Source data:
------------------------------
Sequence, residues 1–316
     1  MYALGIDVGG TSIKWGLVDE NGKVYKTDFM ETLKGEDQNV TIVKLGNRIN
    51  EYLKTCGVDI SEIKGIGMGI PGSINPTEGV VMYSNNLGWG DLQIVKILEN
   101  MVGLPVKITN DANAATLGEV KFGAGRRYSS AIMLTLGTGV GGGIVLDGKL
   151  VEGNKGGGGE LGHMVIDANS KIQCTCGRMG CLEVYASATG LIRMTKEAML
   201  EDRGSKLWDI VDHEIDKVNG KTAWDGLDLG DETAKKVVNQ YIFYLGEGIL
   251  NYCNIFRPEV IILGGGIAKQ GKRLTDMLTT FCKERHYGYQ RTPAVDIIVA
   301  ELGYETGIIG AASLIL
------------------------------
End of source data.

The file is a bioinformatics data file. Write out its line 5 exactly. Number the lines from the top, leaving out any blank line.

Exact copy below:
   151  VEGNKGGGGE LGHMVIDANS KIQCTCGRMG CLEVYASATG LIRMTKEAML